Character is important when it comes to choosing your advisors. These are the people who help you make decisions about the most important things in your life—financial security, protecting your family, preserving your privacy—and when something happens to you these are the people who (you hope) will help your loved ones get through the difficult times. So when I came across this article from MSNBC about copper heiress Huguette Clark and her shady advisors, it really made me think about my own firm, and the kind of relationship I would like to have with my clients.
As an ethical tax and asset protection attorney, I work hard to protect my clients from financial abuse or mismanagement of assets. I work closely with my client’s team of advisors to make sure the family’s goals are being carried out in a responsible and fiscally prudent manner. And I consider it my responsibility to protect both my initial clients and their families and beneficiaries from unethical and unscrupulous conduct.
Being an ethical advisor means not only helping my clients with their legal considerations, it also means helping them find the resources they need to supplement and build upon the services I offer. For example, I can help a family create a trust to protect their wealth, but the trust won’t be complete unless the family is able to find and appoint a well-respected and ethical corporate Trustee, who is insured and bonded. I can help them do this.
Finding ethical advisors isn’t always as easy as you might hope. A degree from a well-respected university can vouch for a person’s intelligence and education, but it doesn’t testify to their moral character; and if you can’t rely solely on a person’s intellectual aptitude, how are you to find the advisors who will do right by you and your loved ones in years to come? Here are a few suggestions:
* Always interview a potential advisor in person. Intuition is important, and often the feeling you have when walking away from the first interview is your best guide to whether or not the advisor is someone you can trust.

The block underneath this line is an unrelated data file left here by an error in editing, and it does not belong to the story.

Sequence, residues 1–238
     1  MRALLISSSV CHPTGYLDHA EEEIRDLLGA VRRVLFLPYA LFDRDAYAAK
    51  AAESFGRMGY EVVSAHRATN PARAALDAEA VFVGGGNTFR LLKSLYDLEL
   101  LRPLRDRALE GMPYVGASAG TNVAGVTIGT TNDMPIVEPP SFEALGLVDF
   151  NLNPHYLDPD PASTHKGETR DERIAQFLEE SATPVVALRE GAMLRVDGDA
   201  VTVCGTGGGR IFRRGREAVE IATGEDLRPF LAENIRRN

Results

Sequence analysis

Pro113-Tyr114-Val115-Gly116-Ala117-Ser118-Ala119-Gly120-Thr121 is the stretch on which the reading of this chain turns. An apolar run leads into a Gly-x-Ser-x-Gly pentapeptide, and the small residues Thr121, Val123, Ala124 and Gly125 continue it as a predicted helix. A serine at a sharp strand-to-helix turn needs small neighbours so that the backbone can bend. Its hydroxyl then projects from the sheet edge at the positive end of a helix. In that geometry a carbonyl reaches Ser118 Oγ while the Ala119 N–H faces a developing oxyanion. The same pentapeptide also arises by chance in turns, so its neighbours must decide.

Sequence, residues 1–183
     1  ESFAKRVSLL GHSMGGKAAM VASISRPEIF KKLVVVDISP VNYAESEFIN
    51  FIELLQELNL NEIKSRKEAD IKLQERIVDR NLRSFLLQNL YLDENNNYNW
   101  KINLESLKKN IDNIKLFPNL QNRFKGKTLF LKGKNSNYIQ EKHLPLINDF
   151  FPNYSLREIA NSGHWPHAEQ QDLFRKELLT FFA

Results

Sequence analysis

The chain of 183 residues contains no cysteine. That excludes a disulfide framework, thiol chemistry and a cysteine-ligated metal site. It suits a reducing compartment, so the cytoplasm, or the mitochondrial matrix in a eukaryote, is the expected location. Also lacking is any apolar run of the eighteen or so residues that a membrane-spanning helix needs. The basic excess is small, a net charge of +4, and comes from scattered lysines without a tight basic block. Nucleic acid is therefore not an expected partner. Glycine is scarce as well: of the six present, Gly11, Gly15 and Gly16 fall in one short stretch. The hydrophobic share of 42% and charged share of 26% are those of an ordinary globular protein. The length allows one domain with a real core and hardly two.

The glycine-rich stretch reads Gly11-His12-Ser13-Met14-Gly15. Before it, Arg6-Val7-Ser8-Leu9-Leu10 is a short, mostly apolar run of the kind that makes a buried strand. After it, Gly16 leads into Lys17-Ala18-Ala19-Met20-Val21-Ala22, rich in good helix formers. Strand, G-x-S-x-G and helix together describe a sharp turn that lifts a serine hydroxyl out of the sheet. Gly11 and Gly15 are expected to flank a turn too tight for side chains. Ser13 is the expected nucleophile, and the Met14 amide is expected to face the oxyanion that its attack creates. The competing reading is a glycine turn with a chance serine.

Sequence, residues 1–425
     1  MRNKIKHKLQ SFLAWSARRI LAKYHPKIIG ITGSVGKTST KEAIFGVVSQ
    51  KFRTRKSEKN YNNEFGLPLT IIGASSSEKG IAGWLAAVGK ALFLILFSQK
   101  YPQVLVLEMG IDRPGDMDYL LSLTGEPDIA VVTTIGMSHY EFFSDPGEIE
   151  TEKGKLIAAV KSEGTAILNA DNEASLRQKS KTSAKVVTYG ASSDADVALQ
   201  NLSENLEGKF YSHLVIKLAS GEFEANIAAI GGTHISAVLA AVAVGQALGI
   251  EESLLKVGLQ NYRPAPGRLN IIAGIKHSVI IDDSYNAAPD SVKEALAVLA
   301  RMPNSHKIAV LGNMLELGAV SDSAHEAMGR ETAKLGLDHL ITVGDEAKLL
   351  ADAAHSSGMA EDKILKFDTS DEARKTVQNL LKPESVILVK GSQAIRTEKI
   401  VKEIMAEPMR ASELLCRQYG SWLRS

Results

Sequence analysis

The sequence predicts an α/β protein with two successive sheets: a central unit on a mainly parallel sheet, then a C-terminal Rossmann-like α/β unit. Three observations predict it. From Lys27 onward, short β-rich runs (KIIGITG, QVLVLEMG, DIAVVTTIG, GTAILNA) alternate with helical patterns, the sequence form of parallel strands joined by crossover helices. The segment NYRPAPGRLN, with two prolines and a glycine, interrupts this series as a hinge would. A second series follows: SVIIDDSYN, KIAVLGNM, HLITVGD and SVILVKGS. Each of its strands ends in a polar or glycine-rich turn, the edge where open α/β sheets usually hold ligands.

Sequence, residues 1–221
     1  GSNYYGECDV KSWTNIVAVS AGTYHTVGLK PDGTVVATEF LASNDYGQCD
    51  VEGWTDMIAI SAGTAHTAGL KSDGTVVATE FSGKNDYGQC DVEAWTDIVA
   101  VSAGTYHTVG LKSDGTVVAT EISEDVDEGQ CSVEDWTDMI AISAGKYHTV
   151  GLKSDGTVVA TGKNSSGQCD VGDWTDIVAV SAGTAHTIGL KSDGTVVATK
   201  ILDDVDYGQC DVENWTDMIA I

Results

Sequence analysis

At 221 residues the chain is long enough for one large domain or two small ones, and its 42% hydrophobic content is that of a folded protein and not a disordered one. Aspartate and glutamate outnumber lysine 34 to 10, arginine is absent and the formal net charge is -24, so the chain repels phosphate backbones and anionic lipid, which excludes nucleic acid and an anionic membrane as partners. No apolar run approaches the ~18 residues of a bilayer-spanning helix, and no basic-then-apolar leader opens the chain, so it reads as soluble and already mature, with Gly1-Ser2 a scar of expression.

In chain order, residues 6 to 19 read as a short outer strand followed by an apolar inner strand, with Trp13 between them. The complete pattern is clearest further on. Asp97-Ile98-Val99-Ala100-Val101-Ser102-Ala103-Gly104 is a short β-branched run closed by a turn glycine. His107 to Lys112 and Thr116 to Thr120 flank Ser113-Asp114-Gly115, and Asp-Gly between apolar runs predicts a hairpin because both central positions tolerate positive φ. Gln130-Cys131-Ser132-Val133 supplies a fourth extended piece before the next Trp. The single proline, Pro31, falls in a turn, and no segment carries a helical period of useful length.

* Ask for references. Aside from the value of a sincere testimonial, references tell you whether or not your candidate’s clients are “your kind of people.” They say that you can tell a lot about a person by the company he keeps; likewise, you can tell a lot about an advisor by the kind of client they have. Are the people you talk to down-to-earth? Are they enthusiastic?
* Check up on your candidate’s history. A quick Google search (or ABA search if your candidate is an attorney) will usually tell you if there are any disciplinary actions, serious complaints, or other red flags in his or her past.
* Consider how your potential advisor will be compensated. Is it by flat fee or by commission? Each method provides a different motivation. Make sure you’re comfortable with the method used by the advisor you choose.
* And perhaps the most reliable method of finding an ethical advisor is to get recommendations from people you already trust. Family, friends, neighbors, and especially your existing advisors can all be valuable resources. Along the same lines, if you have a lawyer, CPA, or financial advisor that you think is particularly good don’t be afraid to give out your own recommendation!
The nieces and nephews of Huguette Clark are currently going through a court battle in their effort to protect their aunt. Unfortunately, shady advisors are all too common lately, as anyone who followed the Brooke Astor case knows. Finding advisors with character and experience may take a little more time and effort at the outset, but the security of your loved ones and your own peace of mind make the search worthwhile.